Loyalty has long characterised Gurkha service to Britain. During the Indian Mutiny of 1857, Gurkha soldiers remained loyal and were renowned for their service at the Siege of Delhi, fighting side by side with both British and Indian troops to retake the city from the rebels. Officers and soldiers of the 60th Kings Royal Rifle Corps were so struck by this that they lobbied for Gurkha soldiers to share their designation as “Riflemen”. This is the origin of Gurkha regiments being termed “ x Gurkha Rifles” and their soldiers holding the rank of Rifleman rather than Private.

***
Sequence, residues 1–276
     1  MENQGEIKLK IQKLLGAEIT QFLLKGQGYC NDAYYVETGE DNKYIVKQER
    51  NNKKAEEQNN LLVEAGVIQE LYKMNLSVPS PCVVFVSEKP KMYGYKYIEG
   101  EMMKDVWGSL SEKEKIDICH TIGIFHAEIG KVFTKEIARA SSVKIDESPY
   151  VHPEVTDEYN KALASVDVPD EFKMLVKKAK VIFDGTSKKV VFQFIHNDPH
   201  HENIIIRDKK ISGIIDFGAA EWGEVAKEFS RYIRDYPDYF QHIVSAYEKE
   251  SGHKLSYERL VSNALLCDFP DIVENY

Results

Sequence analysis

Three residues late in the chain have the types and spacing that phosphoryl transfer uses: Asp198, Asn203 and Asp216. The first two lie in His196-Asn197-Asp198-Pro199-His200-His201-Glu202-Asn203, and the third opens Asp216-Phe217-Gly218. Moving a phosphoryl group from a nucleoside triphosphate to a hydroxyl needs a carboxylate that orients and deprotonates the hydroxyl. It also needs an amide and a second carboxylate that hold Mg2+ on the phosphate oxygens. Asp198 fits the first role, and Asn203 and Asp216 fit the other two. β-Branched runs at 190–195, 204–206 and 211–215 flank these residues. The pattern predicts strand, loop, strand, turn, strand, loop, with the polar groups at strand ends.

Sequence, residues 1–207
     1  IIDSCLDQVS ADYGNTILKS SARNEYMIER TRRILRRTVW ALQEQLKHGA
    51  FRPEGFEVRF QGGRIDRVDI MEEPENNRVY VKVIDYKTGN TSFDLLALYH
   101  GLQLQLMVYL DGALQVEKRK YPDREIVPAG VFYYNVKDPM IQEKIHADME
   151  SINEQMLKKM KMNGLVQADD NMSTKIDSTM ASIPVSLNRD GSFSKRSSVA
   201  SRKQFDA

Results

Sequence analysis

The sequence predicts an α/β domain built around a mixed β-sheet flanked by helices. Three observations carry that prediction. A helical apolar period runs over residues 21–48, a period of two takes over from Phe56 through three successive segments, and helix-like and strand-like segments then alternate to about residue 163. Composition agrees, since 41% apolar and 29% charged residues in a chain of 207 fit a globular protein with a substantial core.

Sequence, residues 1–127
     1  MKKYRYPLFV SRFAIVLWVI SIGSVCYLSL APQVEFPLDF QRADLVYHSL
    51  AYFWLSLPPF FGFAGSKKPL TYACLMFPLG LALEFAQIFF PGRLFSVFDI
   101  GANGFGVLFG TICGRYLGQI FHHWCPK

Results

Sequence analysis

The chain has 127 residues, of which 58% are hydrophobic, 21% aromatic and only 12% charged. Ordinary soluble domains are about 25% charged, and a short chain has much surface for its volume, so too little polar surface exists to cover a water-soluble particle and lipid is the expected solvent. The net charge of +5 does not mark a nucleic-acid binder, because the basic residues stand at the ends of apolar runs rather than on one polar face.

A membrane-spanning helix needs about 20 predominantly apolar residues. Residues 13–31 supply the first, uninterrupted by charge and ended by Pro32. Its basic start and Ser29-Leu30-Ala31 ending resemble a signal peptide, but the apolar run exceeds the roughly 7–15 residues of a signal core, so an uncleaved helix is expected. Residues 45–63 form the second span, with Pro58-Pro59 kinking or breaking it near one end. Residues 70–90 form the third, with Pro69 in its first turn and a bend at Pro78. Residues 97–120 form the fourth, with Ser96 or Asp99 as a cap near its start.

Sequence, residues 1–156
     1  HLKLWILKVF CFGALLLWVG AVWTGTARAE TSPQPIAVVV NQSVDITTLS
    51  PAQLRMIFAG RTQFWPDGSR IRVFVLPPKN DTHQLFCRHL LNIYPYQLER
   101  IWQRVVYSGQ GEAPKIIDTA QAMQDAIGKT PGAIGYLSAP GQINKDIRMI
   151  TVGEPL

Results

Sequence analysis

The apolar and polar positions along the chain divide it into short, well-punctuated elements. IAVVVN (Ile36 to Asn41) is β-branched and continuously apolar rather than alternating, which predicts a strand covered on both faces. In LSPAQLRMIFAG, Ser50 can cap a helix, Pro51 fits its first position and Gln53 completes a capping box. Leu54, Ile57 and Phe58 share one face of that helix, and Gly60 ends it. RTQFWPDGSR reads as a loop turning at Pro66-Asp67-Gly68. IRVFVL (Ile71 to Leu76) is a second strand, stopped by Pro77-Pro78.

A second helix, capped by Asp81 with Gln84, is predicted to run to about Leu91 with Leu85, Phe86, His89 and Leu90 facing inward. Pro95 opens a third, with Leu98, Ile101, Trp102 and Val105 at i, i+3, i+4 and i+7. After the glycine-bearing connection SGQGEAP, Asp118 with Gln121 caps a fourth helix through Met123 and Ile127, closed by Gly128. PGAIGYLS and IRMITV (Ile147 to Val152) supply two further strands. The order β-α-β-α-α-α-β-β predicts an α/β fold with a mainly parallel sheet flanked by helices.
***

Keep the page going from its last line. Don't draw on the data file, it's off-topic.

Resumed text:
During both World Wars Nepal remained a firm ally of Britain, even though there was no pressing geopolitical threat to Nepal itself, increasing recruitment to match the needs of an expanded Gurkha Brigade. Nepal even placed its own armed forces at the disposal of the British Crown during the conflicts. The Nepalese Prime Minister is recorded to have said during the Second World War, “Does a friend desert a friend in time of need? If you win, we win with you. If you lose, we lose with you.”
Today Nepal stands as Britain’s oldest ally in Asia, with treaties dating back over 200 years.